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Lesson 6 - 4

In the right order

We talked about Tarzan language in lesson 1, where we looked at the importance of changing the word order when making questions, to avoid sounding like a foreigner (as if you weren't one).

Wrong word order is a frequent problem among Norwegian learners. This is because Norwegian has a very special rule for all affirmative (non interrogative) sentences:

The verb is always the second constituent!

This rule is called the V2 rule. The V2 rule is not specific to Norwegian; we find it in all other Germanic languages (German, Dutch, Swedish, Danish, Icelandic, etc.) as well... except English.

Time to see how this works. Let's have a look at the following English sentence:

1. I am here.

If we want to put emphasis on the word "here", we are allowed to move it to the beginning of the sentence, like this:

2. Here I am.

We can see that, while the verb is the second word in the first sentence, it's pushed down to third position in the second sentence. That third position is the proof that the V2 rule doesn't apply in English.

Sentence 1 in Norwegian is the following:

Jeg er her.

If we move "her" to the beginning of the sentence, we get the following (the * means that the sentence is wrong wrong; Tarzan language):

*Her jeg er.

What's wrong here is that the verb, "er", is the third word in the sentence; that violates the V2 rule! What we have to do is simply to move the verb to the right position. That is, placing it before "jeg":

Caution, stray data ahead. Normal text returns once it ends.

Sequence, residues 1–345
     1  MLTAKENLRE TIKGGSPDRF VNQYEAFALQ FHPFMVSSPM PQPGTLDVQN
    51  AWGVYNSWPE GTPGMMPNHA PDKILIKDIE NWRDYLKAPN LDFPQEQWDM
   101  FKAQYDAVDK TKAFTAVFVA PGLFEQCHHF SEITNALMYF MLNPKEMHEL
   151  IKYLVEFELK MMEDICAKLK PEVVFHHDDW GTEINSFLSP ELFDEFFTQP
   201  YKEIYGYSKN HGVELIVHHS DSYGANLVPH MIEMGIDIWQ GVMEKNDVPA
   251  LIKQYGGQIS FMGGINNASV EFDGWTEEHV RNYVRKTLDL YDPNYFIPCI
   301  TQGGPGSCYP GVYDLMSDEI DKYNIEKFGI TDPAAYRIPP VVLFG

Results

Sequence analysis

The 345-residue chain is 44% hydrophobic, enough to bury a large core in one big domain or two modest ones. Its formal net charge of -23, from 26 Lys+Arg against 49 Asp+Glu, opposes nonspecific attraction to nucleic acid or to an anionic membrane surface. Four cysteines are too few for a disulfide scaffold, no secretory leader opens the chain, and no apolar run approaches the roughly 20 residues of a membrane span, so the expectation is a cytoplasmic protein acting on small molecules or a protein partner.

*Her jeg er.
  Her er jeg.

Thus, the correct sentence is:

Her er jeg.

Let's see how this works in sentences with more words. We'll start with the following:

Jeg er i Norge nå. = I am in Norway now.

A pretty simple sentence. In English we can move the word "now" to the front and say: Now I am in Norway.

The exact same structure doesn't work in Norwegian, because of the position of the verb, which is marked with red:

*Nå jeg er i Norge.

Therefore, the verb must be moved to the second position if we place "nå" at the beginning:

er jeg i Norge.

Now, when we move a whole group of words to the beginning of the sentence, these count as only one unit. This unit is called a "constituent". Examples of this kind of constituents are:

  • i dag (today)
  • i morgen (tomorrow)
  • på mandag (on Monday)
  • den dagen vi møttes (the day we met)
  • etc, etc, etc, etc...

This means that we can take the following sentence, when the constituent we want to be at the beginning is underlined and the verb is in red:

Vi skal til Oslo i morgen. = We are going to Oslo tomorrow.

...and convert it to this one:

I morgen skal vi til Oslo. = Tomorrow we are going to Oslo.

Observe how the verb was put in front of the word vi in order to maintain its second position in the sentence, since i morgen counts as only one.

Try the same with this sentence:

What is fårikål?
A delicious or horrible (that depends on the person) Norwegian dish consisting of sheep (får) in (i) cabbage (kål).

Vi spiste fårikål på søndag. = We ate fårikål on Sunday.

We want to convert it into "On Sunday we ate fårikål". That means, we want to move "på søndag" to the beginning of the sentence.

Try to type the correct answer in the box below (with correct punctuation) and click the button to see if you did it right.


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